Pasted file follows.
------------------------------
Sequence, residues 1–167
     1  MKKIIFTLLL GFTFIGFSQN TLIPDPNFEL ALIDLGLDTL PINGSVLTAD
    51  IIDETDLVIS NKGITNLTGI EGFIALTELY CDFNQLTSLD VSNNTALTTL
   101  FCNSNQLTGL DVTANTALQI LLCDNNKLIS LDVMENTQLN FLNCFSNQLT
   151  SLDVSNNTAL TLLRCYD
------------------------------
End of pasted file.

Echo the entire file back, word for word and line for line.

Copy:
Sequence, residues 1–167
     1  MKKIIFTLLL GFTFIGFSQN TLIPDPNFEL ALIDLGLDTL PINGSVLTAD
    51  IIDETDLVIS NKGITNLTGI EGFIALTELY CDFNQLTSLD VSNNTALTTL
   101  FCNSNQLTGL DVTANTALQI LLCDNNKLIS LDVMENTQLN FLNCFSNQLT
   151  SLDVSNNTAL TLLRCYD